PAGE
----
Marianne’s Safe Cycling Tips:
• Always wear a helmet.
• Be visible: wear reflective, bright clothing, and install lights and reflectors on your bike.
• Maintain your bicycle.
• Carry an extra tube and a pump.
• Make eye contact with drivers whenever possible.
• Smile, nod or a make a friendly hand gesture to encourage and thank drivers for their good driving or polite manners.
• Use arm signals to indicate your intentions.
• Stay focused and calm while keeping your eyes on the road in front of you.
• When there is a car approaching from behind, move over as long as it’s safe.
• Ride single file in a group.
• Be constantly aware of your surroundings.
• Try to anticipate a driver’s next move and expect the unexpected.
• Watch out for pedestrians.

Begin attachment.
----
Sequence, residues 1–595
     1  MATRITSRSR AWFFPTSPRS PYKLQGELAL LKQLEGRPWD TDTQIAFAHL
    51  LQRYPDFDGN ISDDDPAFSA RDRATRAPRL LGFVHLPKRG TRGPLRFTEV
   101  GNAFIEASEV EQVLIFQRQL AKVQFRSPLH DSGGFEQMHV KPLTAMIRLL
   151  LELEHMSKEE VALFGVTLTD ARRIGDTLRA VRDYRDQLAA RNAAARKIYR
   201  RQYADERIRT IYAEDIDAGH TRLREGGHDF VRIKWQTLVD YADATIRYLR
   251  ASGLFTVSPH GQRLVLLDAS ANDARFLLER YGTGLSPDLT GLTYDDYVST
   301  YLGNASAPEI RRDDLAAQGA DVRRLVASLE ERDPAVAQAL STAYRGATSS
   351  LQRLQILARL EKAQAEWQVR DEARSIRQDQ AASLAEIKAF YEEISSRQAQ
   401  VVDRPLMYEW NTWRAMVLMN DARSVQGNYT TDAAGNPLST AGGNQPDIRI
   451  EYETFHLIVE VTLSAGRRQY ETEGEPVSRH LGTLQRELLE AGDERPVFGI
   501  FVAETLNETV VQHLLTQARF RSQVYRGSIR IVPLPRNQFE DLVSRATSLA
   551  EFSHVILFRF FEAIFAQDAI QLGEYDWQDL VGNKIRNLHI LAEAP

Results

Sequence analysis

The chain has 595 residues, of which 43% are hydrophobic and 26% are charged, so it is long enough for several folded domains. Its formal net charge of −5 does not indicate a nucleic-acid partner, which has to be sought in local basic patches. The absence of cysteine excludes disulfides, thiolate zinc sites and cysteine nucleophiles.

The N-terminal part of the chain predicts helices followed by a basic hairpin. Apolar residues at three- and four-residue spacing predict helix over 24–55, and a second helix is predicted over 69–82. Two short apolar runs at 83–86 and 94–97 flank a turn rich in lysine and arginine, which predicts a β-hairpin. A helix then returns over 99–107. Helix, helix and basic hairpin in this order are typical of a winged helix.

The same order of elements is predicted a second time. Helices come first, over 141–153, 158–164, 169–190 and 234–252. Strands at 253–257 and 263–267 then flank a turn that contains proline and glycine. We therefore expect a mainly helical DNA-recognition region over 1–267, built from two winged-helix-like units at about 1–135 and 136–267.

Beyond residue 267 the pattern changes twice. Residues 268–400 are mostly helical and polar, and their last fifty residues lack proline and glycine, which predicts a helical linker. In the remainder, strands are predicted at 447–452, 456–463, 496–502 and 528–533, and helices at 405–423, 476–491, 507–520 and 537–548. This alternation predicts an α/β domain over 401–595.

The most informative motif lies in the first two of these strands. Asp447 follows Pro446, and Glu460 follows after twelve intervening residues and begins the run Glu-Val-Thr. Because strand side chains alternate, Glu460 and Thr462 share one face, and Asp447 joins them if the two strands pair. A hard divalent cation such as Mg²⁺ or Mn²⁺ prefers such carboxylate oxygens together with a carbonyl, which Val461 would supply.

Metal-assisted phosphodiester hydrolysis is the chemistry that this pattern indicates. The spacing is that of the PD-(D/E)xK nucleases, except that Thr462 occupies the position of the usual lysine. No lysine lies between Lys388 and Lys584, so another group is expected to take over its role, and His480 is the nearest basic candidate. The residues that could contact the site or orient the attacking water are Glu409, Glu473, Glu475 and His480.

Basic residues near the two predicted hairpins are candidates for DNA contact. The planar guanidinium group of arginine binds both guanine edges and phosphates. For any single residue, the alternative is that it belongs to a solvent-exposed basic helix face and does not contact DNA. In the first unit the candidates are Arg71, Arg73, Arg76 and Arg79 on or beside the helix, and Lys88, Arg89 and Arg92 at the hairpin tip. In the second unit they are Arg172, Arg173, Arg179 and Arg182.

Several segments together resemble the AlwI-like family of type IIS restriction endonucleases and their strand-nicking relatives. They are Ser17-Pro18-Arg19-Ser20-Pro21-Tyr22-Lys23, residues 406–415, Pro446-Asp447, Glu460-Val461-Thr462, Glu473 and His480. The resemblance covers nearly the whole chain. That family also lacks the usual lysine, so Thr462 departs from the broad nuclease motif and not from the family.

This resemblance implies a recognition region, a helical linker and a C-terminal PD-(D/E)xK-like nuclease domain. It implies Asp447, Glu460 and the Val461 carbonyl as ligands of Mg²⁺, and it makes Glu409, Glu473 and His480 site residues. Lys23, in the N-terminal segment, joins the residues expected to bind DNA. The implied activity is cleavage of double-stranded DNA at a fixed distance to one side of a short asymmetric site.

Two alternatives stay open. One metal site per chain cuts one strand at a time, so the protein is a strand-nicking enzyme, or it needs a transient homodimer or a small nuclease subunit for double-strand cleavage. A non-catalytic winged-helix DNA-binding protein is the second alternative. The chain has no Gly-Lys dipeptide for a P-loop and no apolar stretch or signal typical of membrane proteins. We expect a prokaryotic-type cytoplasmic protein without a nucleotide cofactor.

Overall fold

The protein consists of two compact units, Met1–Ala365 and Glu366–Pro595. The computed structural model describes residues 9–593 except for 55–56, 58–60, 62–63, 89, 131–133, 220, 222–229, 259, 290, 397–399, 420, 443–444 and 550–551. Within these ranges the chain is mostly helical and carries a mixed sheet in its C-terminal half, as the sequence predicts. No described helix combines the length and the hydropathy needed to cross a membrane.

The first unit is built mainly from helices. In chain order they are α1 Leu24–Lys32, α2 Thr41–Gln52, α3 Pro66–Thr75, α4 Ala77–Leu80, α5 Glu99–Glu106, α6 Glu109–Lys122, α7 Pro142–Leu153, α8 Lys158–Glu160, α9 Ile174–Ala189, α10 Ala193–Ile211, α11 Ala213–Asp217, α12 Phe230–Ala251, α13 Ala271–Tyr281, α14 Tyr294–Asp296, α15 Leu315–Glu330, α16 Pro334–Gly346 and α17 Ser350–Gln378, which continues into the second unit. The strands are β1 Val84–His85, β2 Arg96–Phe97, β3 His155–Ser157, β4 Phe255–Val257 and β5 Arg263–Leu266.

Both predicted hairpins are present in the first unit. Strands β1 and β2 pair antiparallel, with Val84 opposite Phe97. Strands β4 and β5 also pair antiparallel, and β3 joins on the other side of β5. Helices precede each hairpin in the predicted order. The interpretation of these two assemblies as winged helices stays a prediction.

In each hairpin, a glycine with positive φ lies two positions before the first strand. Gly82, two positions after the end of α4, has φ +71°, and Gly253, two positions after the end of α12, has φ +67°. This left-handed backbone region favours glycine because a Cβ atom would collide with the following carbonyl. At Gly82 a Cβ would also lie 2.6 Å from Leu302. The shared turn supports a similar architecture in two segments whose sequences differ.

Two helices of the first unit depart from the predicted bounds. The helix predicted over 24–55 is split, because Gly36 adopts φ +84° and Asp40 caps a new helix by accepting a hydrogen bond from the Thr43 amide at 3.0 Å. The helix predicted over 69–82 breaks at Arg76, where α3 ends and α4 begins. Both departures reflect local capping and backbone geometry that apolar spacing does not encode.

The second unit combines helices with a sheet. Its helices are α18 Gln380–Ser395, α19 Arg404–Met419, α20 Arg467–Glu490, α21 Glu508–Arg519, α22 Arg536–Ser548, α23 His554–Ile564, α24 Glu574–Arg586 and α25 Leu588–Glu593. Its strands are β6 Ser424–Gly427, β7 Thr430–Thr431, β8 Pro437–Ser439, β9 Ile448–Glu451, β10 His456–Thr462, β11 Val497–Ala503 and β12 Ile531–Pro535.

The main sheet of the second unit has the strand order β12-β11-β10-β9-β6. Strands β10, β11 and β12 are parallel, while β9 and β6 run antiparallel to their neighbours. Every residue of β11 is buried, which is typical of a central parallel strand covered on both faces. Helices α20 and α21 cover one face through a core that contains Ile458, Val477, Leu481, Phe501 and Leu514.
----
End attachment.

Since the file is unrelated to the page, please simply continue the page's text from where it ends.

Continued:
• Take the road less travelled by vehicles.
What Marianne Wishes Drivers Knew About Her As a Cyclist:
• I’m not on the road to make your driving life miserable.
• I truly do want to share the road with you; if there was a bike lane, I would be in it.
• If it seems like I’m too far over in your lane it’s because there is something dangerous I’m trying to avoid (a ditch, glass, nails, deep ridges in the shoulder, loose gravel, etc.).
• I notice and appreciate when you slow down and leave lots of room when you pass me.
• If you must honk or yell at me, please wait until you are well past me — it is very alarming when a loud honk or yell comes from a vehicle right behind me.
• Oncoming drivers that cross over the middle line are very disconcerting.